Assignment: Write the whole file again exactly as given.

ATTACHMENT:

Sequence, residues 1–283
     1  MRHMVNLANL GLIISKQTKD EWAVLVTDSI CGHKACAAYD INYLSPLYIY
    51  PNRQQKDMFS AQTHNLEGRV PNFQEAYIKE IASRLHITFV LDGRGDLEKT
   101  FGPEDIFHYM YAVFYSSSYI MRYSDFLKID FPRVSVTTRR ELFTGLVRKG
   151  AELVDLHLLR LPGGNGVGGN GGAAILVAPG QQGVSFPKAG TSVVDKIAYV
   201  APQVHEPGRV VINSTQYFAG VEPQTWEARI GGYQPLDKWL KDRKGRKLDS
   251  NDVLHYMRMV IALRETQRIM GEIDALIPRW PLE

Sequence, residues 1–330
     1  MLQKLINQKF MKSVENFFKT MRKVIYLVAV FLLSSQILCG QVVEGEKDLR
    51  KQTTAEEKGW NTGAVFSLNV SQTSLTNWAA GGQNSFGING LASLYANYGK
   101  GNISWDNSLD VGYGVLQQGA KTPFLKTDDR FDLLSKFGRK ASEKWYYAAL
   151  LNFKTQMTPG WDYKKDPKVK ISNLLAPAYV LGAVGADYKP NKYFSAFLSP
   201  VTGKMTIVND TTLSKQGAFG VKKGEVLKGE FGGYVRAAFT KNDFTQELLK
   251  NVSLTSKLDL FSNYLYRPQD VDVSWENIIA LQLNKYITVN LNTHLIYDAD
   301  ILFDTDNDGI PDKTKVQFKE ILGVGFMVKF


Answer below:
Sequence, residues 1–283
     1  MRHMVNLANL GLIISKQTKD EWAVLVTDSI CGHKACAAYD INYLSPLYIY
    51  PNRQQKDMFS AQTHNLEGRV PNFQEAYIKE IASRLHITFV LDGRGDLEKT
   101  FGPEDIFHYM YAVFYSSSYI MRYSDFLKID FPRVSVTTRR ELFTGLVRKG
   151  AELVDLHLLR LPGGNGVGGN GGAAILVAPG QQGVSFPKAG TSVVDKIAYV
   201  APQVHEPGRV VINSTQYFAG VEPQTWEARI GGYQPLDKWL KDRKGRKLDS
   251  NDVLHYMRMV IALRETQRIM GEIDALIPRW PLE

Sequence, residues 1–330
     1  MLQKLINQKF MKSVENFFKT MRKVIYLVAV FLLSSQILCG QVVEGEKDLR
    51  KQTTAEEKGW NTGAVFSLNV SQTSLTNWAA GGQNSFGING LASLYANYGK
   101  GNISWDNSLD VGYGVLQQGA KTPFLKTDDR FDLLSKFGRK ASEKWYYAAL
   151  LNFKTQMTPG WDYKKDPKVK ISNLLAPAYV LGAVGADYKP NKYFSAFLSP
   201  VTGKMTIVND TTLSKQGAFG VKKGEVLKGE FGGYVRAAFT KNDFTQELLK
   251  NVSLTSKLDL FSNYLYRPQD VDVSWENIIA LQLNKYITVN LNTHLIYDAD
   301  ILFDTDNDGI PDKTKVQFKE ILGVGFMVKF